Archived

This topic is now archived and is closed to further replies.

John D. Conley

High Rise Mold Problems

1 post in this topic

A lot has been written lately about mold in high rise buildings. The most feared mold appears to be Stachybotrys. This black mold has been linked to lung bleeding and other health problems.

The controversy has started over the building envelope. In order for mold to grow one needs 3 things. Spores, humidity, and a host. The Stachybotry mold grows on cellulose. Some people claim that the problem is that buildings are sealed too much. I'm not of that opinion. Sources of water in a high rise building are leaks, showers, exhalation, taps, sinks, dishwashers and condensation. The real problem is buildings are not designed to treat this air, which could be cleaned, dehumidified, or humidified, and then recirculated. Warm air at the top of the building carries more moisture than the cool air at the bottom of the building.

In our research on this issue we have determined that much heat loss happens at the top of the high rise. This leads to a requirement to replace this air. In the northern hemisphere this means cold, and often damp air is introduced into the building. This cold damp air meets warm surfaces and condensation takes place.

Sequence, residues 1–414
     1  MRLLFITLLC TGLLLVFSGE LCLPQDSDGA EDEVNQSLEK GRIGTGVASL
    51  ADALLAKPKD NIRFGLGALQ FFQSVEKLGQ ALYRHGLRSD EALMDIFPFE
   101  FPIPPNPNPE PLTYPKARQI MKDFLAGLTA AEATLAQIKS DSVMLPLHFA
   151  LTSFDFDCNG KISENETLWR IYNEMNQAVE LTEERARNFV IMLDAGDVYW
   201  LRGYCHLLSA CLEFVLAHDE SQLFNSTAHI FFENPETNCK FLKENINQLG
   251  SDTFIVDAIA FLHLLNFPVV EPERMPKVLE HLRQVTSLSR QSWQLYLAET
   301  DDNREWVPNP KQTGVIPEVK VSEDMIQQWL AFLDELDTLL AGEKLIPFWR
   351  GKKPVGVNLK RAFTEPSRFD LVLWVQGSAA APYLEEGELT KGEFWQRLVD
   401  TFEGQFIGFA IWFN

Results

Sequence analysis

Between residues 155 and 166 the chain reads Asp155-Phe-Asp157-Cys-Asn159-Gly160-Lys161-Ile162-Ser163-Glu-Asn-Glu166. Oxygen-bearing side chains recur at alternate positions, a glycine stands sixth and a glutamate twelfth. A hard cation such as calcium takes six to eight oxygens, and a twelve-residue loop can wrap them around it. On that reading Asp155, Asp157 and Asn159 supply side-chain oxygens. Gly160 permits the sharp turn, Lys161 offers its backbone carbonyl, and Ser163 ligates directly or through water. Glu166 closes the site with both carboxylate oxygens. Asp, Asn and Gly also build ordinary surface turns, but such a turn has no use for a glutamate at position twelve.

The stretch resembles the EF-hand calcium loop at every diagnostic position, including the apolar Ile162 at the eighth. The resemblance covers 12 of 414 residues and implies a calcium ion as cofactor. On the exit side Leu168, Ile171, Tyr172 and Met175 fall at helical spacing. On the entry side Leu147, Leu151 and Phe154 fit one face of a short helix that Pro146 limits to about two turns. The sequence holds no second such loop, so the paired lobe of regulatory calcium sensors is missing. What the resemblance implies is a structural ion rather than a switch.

When we installed a UL listed garbage chute closure we patented, we were able to stop some of the movement of air, and thus control the amount of cold, untreated, humid air entering the building. Once that infiltration is reduced a lot of the previous building envelope problems were lessened.

It appears that the lawsuits against property owners for mold in high buildings are gaining momentum. The insurance industry is reeling from large awards given to residents of high rise buildings with mold problems.

High Rise Property Managers need mold solutions. I'm sure that this must be a particular problem in the west coast areas like Vancouver and Seattle. Does anyone have anything they can share as to experience with black or green mold in a high rise? What if any solutions are there that solve high humidity problems in tall buildings? As my experience with instrumentation is limited, and I do not have a travel and experimentation budget I have to go with what I can find out on-line or from collaborators.

John Conley

Sales and Marketing Guy, Computer Guy, Webmaster, Troubleshooter, etc.

(Hey it's a 3 man start-up company ok? LOL)

Chute Controls Inc.

London, Ontario

Share this post


Link to post
Share on other sites



  • Recently Browsing   0 members

    No registered users viewing this page.